In my experience, practicing this pose dynamically with breath at the start of class helps me focus on good breathing practices and clears my mind of any lingering distractions.

Preparatory Poses for Setu Bandha Sarvangasana

Whether teaching or practicing on my own, I always start with some gentle movement to warm up the spine before lifting into Bridge Pose. Here are my top recommendations for Setu Bandha Sarvangasana warm-ups.

  • Pelvic Tilts: Lie on your back with your knees bent and feet planted at a hip-width distance. Tilt your pelvis forward and down as you inhale so your lower back arches off the floor. Then, exhale and rock your pelvis the other way, tucking your tailbone and pressing your lower back into your mat. Keep breathing and continue this movement for a minute or so.
  • Windshield Wipers: Begin in the same starting position with your knees bent and feet flat. In a “windshield wiper” movement, gently drop your knees from side to side. Move with ease, following the pace of your breathing.

Counter Poses

Setu Bandha Sarvangasana engages the back muscles, so you may need to release some tension after a few rounds of Bridge Pose. These yoga poses provide a gentle stretch for your back and help restore balance in your spine after being in an arched position.

  • Happy Baby: Bring your knees toward your chest and grasp your ankles. Open your legs wider than your torso and flex your feet with the soles facing upward. Keep your shoulders grounded and each your pelvis forward and down to maintain the natural curvature of your spine.
  • Supine Twist: Lie on your back and bend one leg, bringing your knee toward your chest. As you exhale, bring your bent leg across your body in a twist. Hold for a few breaths, then return to your starting position and repeat your twist on the other side.

Benefits of Setu Bandha Sarvangasana

What I love most about Bridge Pose as a yoga instructor is how it supports overall mobility. Everyday movement requires core strength to maintain balance and a healthy spine capable of many movement patterns.

Besides being fantastic for mobility and strength, Setu Bandha Sarvangasana contributes to overall well-being in many ways.

  • Supports spinal health: Backbends lengthen the spine, which can help relieve back pain and stiffness.
  • Builds body strength: This pose strengthens and tones the back, hamstrings, glutes, and abdominal muscles.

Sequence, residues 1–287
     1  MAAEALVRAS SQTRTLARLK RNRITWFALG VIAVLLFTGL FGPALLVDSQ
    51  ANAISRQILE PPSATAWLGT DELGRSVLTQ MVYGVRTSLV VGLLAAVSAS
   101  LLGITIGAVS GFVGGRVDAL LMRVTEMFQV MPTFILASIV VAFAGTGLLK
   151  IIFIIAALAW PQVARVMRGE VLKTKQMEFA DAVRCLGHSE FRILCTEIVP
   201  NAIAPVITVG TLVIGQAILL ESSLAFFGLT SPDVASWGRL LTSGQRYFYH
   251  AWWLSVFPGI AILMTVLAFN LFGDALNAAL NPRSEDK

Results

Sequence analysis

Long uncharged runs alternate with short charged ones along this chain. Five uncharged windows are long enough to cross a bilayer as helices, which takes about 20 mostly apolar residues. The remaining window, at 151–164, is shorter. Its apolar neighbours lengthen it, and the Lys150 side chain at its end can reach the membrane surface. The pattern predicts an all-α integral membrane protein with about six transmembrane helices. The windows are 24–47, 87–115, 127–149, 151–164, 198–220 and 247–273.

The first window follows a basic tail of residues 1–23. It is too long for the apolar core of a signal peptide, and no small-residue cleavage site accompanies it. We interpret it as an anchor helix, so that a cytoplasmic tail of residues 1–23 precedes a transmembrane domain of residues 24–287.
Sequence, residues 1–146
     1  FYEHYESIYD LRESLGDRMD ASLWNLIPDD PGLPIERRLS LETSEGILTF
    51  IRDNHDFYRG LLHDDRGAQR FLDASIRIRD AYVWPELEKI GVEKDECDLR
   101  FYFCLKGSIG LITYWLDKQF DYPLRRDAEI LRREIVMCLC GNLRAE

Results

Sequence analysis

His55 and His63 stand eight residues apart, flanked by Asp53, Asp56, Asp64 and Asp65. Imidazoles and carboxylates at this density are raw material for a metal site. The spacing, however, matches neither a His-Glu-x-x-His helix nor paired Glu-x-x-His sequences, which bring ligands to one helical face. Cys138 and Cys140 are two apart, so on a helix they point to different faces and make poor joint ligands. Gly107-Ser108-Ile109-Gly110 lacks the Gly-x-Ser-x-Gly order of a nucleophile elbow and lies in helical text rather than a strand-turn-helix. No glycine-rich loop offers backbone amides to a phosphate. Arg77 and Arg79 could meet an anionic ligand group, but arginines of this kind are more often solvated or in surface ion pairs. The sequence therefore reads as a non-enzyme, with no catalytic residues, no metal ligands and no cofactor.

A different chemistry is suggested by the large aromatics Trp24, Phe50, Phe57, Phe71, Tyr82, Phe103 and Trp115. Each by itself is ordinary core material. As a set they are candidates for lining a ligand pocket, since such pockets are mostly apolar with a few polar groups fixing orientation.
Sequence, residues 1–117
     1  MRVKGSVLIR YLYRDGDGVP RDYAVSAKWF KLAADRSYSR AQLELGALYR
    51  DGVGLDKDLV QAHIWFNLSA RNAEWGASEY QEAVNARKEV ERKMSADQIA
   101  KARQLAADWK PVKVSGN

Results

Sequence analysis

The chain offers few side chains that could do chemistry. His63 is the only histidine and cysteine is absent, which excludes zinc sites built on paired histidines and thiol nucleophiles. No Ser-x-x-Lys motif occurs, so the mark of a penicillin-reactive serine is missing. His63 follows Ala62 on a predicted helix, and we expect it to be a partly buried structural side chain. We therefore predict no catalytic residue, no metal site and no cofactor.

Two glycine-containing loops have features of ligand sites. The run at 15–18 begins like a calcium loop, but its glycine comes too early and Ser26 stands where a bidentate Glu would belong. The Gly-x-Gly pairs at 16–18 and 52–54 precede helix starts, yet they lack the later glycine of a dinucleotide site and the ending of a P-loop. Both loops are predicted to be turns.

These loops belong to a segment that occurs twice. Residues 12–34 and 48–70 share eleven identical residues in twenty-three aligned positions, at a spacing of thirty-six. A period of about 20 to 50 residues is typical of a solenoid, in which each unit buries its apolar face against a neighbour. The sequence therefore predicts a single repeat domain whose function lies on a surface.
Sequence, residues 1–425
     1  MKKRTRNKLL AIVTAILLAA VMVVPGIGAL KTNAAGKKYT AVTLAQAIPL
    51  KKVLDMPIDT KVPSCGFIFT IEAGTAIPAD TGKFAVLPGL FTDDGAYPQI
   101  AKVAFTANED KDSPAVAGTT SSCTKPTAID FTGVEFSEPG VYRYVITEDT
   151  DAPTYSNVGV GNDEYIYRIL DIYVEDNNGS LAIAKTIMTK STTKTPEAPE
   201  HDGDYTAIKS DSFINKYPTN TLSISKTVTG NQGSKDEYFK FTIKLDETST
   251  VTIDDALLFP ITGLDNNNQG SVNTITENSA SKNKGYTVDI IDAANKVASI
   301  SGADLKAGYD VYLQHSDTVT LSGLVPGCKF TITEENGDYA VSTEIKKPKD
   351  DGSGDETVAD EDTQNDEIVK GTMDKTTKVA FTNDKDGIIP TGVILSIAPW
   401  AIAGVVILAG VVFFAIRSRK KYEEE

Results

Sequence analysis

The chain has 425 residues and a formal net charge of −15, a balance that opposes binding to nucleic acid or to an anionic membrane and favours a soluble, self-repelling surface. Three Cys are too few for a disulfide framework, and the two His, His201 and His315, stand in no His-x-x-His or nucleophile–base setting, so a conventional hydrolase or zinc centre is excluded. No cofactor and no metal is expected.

• Increases flexibility and range of motion: Besides giving your spine a good stretch, this pose also lengthens your front body, hip flexors, and quadriceps while opening your chest and shoulders.
  • Supports good posture: As a heart-opener, Bridge Pose is a great way to undo the effects of sitting in a slouched position with rounded shoulders.
  • Releases stress: Setu Bandha Sarvangasana has a grounding effect on the body and brings awareness to your breathing while quieting the mind.
  • Energizes the body: Bridge Pose can be relaxing when used in a restorative way. But it can energize your body, too, stimulating blood flow when moving dynamically.
Setu Bandha Sarvangasana tones many muscle groups simultaneously.

Closing Thoughts

With its ability to ease tension, improve spinal health, and promote good posture, Bridge Pose stands out as a cornerstone in any yoga practice. By incorporating Setu Bandha Sarvangasana into your routine, you not only support many aspects of your physical health but unlock a pathway to greater ease in movement.

My advice is to approach the pose with mindfulness and awareness, honoring your body’s unique needs and limitations while exploring the full range of motion it offers. For seasoned yogis and beginning yoga students alike, Setu Bandha Sarvangasana becomes a trusted ally on your path to strength, balance, flexibility, and overall well-being.

Pop quiz! 🧘🤔

Yoga teachers consider Setu Bandha Sarvangasana an advanced yoga pose.

Setu Bandha Sarvangasana can be either restorative or strength-building.

Setu Bandha Sarvangasana can improve back health and posture.

Frequently Asked Questions

What is Setu Bandha Sarvangasana?

Setu Bandha Sarvangasana, also known as Bridge Pose, is a yoga pose that strengthens the back, opens the chest and shoulders, and enhances flexibility in the spine.

How can practicing Bridge Pose benefit overall well-being?

Bridge Pose helps improve spinal flexibility, strengthens several key muscle groups, reduces stress, and energizes the body.

Can I modify Bridge Pose with props?

Yes. To make Bridge Pose more accessible or comfortable, use a block under your sacrum for support or a blanket under your shoulders for extra cushion.

What are the contraindications for Setu Bandha Sarvangasana?

Individuals with neck injuries, chronic back pain, high blood pressure, recurring migraines, or issues in the bones (osteopenia) should consult a medical practitioner before trying this yoga pose.

What are some recommendations for incorporating Setu Bandha Sarvangasana into my daily yoga practice?

Setu Bandha Sarvangasana complements many movement patterns and works well with various yoga poses. Try using it to build lower body strength, to warm up for deeper backbends, or as a counterpose to forward folds.

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About Joanne Highland

Joanne Highland is a 500-hour certified yoga and barre fitness teacher. Originally from the central coast of California, she attended the University of Southern California, graduating in 2007 with a degree in music and a minor in health promotion. Follow me: Instagram | LinkedIn | Personal Website